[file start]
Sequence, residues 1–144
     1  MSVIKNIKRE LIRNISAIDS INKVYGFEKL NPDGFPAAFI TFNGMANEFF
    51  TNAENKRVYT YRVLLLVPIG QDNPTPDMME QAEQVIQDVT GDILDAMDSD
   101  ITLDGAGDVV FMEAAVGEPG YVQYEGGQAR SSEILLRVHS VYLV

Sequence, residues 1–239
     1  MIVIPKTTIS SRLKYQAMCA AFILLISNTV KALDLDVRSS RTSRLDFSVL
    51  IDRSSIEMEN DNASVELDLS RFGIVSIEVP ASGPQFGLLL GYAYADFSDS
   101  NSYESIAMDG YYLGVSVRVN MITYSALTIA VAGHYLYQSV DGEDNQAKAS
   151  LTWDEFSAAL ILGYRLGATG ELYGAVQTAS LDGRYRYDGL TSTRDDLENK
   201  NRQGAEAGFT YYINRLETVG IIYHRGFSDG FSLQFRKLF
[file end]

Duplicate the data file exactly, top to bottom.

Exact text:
Sequence, residues 1–144
     1  MSVIKNIKRE LIRNISAIDS INKVYGFEKL NPDGFPAAFI TFNGMANEFF
    51  TNAENKRVYT YRVLLLVPIG QDNPTPDMME QAEQVIQDVT GDILDAMDSD
   101  ITLDGAGDVV FMEAAVGEPG YVQYEGGQAR SSEILLRVHS VYLV

Sequence, residues 1–239
     1  MIVIPKTTIS SRLKYQAMCA AFILLISNTV KALDLDVRSS RTSRLDFSVL
    51  IDRSSIEMEN DNASVELDLS RFGIVSIEVP ASGPQFGLLL GYAYADFSDS
   101  NSYESIAMDG YYLGVSVRVN MITYSALTIA VAGHYLYQSV DGEDNQAKAS
   151  LTWDEFSAAL ILGYRLGATG ELYGAVQTAS LDGRYRYDGL TSTRDDLENK
   201  NRQGAEAGFT YYINRLETVG IIYHRGFSDG FSLQFRKLF